Outside of his family of six children, his main passion was old cars and he was a proud member of the Highway Horrors Car Club (who gave him the nickname ‘Boxcar’) although he found time for fishing, camping and just about anything outdoors. His friends described him as the light of any party and say that, if Billy was smiling, then so was everyone else. That light was extinguished when, on 25 August 2015, Billy died suddenly in Surprise, Arizona. He was just 37 years old.

Billy’s final wishes were to have his ashes scattered in Sycamore Canyon, but, the following summer, fellow members of his car club decided to erect a permanent marker to their friend. On a bright July day, they put up a handmade cross on the side of the tracks at Crookton Overpass, overlooked by Route 66, combining both his job and his love of cars.

Members of the Highway Horrors CC setting up Billy’s memorial.

This is recent history. This is a memorial on Route 66 to a young man, hardly gone, who we can almost see out of the corner of our eye. It’s a timely reminder that Route 66 is not a museum for us to simply ramble through, peering curiously at things as if they were exhibits behind glass. It’s a living entity and there is a human story behind every building, every turn of the road and every roadside memorial.

Safe home, Billy Richey, safe home.

 

 

 

 

 

 

The cross sits just to the left side of the rails out of shot.

Train rolling on down the line.

 

 

 

THE BIRDS HAVE FLOWN VULTURE CITY

Arizona has many ghost towns, but among the finest is Vulture City near Wickenburg. It began life in 1863 after Henry Wickenburg discovered the Vulture mine (supposedly he was retrieving a vulture he’d shot when he found it). Gold fever would lead to a town of some 5000 people with a school, post office, saloon, stores, brothel, assay office (and, in later years, a gas station) becoming, at the time, one of the richest towns in Arizona. In order to feed a town of this size, Jack Swilling reopened irrigation channels in the Phoenix Valley that had been dug by Hohokam Native Americans and established a grain route; Wickenburg was directly responsible for the development and growth of Phoenix.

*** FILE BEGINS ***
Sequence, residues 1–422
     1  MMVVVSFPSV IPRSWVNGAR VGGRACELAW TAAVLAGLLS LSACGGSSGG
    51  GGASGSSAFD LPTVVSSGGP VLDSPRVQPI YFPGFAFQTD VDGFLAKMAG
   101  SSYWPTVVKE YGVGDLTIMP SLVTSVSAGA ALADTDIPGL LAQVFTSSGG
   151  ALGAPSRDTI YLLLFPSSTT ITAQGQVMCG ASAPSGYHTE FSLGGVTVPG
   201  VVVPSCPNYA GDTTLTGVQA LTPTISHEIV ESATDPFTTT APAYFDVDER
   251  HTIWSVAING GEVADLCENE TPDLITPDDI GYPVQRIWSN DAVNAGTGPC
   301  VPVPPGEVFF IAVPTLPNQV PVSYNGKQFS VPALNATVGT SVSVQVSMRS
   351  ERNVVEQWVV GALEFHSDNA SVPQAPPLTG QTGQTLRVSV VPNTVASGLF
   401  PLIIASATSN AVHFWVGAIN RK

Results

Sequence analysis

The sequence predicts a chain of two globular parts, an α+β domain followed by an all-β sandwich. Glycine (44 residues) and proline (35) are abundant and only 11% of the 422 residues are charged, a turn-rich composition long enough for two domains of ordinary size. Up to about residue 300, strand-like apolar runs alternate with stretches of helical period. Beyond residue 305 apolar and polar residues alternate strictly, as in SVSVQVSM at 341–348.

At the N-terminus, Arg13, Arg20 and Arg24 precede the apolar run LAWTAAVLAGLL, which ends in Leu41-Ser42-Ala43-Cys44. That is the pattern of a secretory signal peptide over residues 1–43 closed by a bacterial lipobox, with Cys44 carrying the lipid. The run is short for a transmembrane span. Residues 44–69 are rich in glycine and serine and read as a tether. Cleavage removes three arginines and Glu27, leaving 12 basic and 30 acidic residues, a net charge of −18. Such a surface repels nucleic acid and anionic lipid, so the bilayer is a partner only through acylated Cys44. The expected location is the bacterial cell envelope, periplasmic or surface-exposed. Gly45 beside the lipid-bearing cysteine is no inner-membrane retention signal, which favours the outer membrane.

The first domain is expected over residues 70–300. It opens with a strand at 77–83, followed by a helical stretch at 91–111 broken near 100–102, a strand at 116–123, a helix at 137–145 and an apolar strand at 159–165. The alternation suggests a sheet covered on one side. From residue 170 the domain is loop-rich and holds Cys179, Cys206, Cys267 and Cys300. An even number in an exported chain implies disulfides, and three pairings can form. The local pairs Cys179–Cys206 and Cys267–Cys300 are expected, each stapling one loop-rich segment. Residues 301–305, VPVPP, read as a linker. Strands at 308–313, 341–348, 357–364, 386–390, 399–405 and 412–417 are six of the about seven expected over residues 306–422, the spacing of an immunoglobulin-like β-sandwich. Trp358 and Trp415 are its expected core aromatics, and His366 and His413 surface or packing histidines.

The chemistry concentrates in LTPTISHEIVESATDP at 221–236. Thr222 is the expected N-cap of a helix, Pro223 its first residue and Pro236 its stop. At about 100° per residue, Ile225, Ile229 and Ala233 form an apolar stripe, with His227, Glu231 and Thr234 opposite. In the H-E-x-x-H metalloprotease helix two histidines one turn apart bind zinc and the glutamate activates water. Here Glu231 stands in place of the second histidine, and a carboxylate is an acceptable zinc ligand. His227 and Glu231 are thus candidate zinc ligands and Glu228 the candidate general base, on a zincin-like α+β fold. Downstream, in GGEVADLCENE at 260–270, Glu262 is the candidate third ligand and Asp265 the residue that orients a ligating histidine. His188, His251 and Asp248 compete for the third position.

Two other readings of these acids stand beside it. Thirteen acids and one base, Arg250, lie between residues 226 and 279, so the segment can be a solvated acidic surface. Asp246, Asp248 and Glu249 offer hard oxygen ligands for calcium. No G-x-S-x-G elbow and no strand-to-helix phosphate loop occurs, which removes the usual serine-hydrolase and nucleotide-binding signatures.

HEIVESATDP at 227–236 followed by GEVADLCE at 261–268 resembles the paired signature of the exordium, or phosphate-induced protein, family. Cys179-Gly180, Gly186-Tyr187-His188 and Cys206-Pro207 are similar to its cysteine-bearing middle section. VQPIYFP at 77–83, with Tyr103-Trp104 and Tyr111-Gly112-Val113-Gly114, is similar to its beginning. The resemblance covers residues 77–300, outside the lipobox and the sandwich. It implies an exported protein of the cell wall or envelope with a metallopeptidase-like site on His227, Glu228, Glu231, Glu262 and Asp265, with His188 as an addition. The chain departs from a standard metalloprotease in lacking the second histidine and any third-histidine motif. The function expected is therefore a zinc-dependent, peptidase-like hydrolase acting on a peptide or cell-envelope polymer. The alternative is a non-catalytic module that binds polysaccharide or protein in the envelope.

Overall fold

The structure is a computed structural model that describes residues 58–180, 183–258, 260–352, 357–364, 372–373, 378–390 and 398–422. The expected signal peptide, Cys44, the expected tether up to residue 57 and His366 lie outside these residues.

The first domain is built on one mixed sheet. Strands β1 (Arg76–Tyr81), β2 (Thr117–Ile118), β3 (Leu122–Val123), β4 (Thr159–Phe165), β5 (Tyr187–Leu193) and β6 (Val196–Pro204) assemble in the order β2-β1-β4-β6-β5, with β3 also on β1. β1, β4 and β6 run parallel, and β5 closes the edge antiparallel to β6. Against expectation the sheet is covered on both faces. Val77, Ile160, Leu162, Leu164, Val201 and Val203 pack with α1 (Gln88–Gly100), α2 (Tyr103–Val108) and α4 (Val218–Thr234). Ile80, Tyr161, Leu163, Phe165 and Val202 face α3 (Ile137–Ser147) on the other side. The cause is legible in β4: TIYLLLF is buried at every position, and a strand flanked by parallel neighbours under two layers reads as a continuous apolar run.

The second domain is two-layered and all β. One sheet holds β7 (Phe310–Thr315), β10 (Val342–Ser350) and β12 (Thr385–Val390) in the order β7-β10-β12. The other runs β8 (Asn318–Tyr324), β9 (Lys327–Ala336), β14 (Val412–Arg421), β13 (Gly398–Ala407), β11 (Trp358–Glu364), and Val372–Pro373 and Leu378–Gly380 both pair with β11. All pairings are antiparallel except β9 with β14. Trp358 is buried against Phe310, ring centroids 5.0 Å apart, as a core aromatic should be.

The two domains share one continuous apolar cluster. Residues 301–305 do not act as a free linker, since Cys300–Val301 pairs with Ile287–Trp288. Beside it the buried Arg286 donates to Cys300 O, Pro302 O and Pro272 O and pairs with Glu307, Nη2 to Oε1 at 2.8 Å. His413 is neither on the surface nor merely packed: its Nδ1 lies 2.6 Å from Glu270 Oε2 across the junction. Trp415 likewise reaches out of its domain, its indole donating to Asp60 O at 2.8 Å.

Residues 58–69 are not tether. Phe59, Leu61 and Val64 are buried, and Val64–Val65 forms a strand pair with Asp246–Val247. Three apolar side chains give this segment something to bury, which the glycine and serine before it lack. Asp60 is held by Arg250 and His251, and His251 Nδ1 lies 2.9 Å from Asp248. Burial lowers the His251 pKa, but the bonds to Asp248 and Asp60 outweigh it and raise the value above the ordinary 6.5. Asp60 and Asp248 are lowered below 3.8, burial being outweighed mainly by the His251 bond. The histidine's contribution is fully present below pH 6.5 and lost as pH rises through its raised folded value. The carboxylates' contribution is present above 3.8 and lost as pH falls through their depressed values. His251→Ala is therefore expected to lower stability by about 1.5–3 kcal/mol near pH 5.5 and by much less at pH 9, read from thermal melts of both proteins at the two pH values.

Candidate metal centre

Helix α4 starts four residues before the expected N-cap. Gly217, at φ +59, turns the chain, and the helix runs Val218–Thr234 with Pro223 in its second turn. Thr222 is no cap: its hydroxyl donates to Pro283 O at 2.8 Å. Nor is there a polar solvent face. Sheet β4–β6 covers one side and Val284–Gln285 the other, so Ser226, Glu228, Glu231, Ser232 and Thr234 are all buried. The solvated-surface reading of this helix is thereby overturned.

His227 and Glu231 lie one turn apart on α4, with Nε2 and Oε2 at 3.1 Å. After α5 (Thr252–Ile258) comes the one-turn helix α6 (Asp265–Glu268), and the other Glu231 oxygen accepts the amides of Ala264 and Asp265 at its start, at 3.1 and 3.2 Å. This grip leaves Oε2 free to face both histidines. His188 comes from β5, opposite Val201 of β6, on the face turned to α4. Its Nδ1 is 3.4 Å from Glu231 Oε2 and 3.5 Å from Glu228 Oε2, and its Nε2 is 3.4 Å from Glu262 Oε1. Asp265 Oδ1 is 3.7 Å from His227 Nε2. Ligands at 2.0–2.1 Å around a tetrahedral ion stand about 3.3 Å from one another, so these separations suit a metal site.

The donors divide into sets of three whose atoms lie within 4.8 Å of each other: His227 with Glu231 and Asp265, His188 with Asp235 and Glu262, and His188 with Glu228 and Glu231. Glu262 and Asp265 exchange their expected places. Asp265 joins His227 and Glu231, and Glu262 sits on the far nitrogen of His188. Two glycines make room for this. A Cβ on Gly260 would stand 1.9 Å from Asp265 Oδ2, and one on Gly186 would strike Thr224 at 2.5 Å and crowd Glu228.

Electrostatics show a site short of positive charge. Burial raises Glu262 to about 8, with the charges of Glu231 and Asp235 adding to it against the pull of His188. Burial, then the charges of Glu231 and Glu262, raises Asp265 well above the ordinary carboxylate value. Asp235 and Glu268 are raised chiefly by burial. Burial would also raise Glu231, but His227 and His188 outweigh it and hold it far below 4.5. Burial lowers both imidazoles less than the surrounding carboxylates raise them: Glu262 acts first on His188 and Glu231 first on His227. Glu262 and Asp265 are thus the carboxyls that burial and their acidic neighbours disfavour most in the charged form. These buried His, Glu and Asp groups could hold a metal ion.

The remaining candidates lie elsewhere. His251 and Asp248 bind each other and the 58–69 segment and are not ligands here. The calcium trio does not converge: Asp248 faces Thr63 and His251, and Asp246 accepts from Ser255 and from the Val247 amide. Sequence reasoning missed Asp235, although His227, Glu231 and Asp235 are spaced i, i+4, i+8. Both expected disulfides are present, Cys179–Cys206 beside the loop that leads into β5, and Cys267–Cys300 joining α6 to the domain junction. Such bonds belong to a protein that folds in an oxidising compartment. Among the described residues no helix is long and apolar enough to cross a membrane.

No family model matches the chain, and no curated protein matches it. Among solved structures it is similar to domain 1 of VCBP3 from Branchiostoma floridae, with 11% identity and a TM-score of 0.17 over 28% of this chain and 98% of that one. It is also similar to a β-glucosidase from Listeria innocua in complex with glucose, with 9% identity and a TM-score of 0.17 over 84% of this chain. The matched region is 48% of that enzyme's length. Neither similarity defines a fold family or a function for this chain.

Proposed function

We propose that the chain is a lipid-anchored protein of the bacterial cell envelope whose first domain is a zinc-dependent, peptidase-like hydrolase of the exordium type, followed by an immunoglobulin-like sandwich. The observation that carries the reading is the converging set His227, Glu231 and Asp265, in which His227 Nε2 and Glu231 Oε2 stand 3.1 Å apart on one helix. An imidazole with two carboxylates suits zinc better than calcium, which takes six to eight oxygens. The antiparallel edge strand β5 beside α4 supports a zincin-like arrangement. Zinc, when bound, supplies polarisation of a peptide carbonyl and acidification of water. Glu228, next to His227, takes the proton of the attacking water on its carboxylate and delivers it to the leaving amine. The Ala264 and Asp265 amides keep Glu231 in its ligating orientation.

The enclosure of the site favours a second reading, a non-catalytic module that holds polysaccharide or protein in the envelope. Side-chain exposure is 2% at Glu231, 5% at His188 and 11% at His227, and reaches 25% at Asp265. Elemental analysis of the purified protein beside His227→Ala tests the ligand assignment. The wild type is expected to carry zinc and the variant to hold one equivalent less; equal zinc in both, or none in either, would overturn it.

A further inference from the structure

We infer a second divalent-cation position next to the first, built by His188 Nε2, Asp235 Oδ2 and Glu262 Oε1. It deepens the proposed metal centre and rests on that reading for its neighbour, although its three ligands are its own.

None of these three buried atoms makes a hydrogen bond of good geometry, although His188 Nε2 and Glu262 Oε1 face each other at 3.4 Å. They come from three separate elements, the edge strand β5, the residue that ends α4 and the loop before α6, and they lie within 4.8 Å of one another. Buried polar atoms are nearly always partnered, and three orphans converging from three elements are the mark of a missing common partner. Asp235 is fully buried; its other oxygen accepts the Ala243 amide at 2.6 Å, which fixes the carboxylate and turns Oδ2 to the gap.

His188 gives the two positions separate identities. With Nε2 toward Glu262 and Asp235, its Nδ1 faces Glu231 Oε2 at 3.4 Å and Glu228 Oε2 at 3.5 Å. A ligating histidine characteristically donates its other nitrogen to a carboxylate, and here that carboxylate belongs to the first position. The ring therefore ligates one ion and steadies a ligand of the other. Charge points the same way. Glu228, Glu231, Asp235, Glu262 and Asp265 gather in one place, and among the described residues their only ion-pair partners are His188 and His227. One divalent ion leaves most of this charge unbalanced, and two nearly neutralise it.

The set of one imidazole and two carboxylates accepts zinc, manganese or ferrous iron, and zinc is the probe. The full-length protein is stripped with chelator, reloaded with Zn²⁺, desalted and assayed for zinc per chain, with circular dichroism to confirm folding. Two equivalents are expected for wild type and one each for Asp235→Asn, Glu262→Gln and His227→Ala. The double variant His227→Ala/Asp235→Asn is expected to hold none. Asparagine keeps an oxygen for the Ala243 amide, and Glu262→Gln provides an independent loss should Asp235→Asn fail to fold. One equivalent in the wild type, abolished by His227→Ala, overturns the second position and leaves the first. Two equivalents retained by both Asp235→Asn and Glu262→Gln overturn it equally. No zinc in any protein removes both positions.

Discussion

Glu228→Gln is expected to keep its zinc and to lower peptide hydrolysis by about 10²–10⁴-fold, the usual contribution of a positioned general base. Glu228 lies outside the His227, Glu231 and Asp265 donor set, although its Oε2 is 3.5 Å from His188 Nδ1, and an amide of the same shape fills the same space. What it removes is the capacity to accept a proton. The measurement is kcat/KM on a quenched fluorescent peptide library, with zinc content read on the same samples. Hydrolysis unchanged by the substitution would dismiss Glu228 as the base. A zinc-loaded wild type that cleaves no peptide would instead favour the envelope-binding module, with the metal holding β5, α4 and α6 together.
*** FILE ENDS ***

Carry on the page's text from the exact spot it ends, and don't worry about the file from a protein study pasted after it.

KODAK Digital Still CameraOver the years, the Vulture Mine produced $200 million of gold, although it’s likely almost as much simply disappeared into various pockets. The assay office was particularly prone to being burgled and thousands of dollars of gold was stolen over the years. 18 men are supposed to have been hung from the Ironwood tree which still stands (next to Henry Wickenburg’s cabins), all of them guilty of stealing gold or ore, although there’s no record of any such hangings actually taking place. It’s a good story though.

Henry Wickenburg sold the mine in 1866 for $85,000 but was swindled out of all but $20,000 after the owners claimed he didn’t have clear title to the mine. He spent years trying to sue the owners, running through every penny he had. On 14 May 1905, ill, tired and destitute, he put a gun to his head and pulled the trigger.

Vulture City lasted until 1942 when the mine was closed on order of the government. Production had slowed considerably years before and the job had become ever more dangerous. In 1923, seven men were killed when the ceiling of a large underground chamber collapsed in on them, burying them and their twelve burros in the Glory Hole. Although the mine did reopen in the 1940s, it wasn’t for long and it soon closed permanently. Today Vulture City and the Vulture mine is privately owned and private property, although it does offer tours on weekends.